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How reliable is resting state fMRI?

Arguably, no advance has revolutionized neuroscience as much as the invention of functional magnetic resonance imaging (fMRI). Since its appearance in the early 1990’s, its popularity has surged; a PubMed search returns nearly 30,000 publications with the term “fMRI” since its first mention in 1993, including 4,404 last year alone. Still today, fMRI stands as one of the best available methods to noninvasively image activity in the living brain with exceptional spatiotemporal resolution. But the quality of any research tool depends foremost on its ability to produce results in a predictable and reasonable way. Despite its widespread use, and general acceptance its efficacy and power, neuroscientists have had to interpret fMRI results with a large dose of partially-blind faith, given our incomplete grasp of its physiological origins and reliability. In a monumental step towards validation of fMRI, in their new PLOS One study Ann Choe and colleagues evaluated the reproducibility of resting-state fMRI in weekly scans of the same individual over the course of 3.5 years.

One devoted brain

Although previous studies have reported high reproducibility of fMRI outcomes within individuals, they’ve compared only few sessions over brief periods of weeks to months. Dr. Choe and her team instead set out to thoroughly characterize resting state brain activity at an unprecedented time scale. To track patterns of the fMRI signal, one dedicated 40 year-old male offered his brain for regular resting-state fMRI sessions. Over the course of 185 weeks, he participated in 158 scans, roughly occurring on the same day of the week and time of day. For comparison – just in case this particular individual’s brain was not representative of the general population – a group of 20 other participants (22-61 years old) from a prior study were used as reference.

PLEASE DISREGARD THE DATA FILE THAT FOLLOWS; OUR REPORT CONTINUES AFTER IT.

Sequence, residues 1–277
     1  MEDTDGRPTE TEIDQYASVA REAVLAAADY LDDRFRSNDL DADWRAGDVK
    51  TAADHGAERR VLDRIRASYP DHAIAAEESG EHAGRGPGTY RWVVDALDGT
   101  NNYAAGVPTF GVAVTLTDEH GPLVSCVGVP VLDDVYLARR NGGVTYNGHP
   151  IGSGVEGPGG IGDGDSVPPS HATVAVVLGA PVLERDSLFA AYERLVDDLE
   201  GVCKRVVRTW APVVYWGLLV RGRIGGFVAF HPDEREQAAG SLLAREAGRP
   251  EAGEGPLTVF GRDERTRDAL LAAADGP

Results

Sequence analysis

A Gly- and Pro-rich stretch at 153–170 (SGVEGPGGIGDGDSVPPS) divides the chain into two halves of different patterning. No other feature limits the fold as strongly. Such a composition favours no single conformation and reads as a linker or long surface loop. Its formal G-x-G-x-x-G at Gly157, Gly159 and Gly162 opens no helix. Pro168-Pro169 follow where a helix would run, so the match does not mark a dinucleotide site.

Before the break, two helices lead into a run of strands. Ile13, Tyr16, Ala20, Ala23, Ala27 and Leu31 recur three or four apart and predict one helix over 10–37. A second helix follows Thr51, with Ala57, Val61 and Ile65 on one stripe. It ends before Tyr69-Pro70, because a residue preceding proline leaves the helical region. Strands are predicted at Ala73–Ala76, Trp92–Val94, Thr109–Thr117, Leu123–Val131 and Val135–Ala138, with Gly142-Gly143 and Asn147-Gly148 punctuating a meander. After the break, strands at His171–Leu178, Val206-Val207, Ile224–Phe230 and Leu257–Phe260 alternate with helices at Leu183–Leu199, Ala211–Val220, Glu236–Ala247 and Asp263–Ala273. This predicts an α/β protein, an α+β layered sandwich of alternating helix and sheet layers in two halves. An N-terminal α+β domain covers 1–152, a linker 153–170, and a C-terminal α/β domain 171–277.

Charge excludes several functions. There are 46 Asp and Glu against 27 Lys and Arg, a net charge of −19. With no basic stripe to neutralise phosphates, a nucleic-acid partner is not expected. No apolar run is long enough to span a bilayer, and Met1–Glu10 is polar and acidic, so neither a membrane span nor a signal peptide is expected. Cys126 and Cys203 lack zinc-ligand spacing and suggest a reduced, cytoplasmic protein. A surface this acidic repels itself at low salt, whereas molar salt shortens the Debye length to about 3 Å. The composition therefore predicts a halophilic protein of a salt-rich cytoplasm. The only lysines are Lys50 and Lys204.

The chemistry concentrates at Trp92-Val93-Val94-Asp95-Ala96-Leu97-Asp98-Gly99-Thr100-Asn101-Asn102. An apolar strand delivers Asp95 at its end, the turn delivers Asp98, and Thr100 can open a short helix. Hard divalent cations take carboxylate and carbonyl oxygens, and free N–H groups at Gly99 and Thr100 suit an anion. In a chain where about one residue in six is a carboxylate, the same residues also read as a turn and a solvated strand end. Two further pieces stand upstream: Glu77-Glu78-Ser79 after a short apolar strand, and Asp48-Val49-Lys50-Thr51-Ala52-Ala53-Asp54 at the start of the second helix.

Reproducibility of brain networks and BOLD fluctuations

The researchers identified 14 unique resting state brain networks. Networks derived from the subject’s individual scans were spatially quite similar to those identified from that subject’s average network map and the multi-subject average map, and these network similarity measures were highly reproducible. Whereas executive function networks were the most reproducible, visual and sensorimotor networks were least. The relatively low reproducibility of “externally directed” networks could be attributable to the nature of the unrestrained scanning conditions, in which mind-wandering or undirected thoughts could engage an array of sensory experiences. Dr. Choe suspects “that under truly controlled conditions, exteroceptive networks would become more reproducible. Differences in reproducibility in exteroceptive versus interoceptive networks should be seen as an observation that requires follow up study.”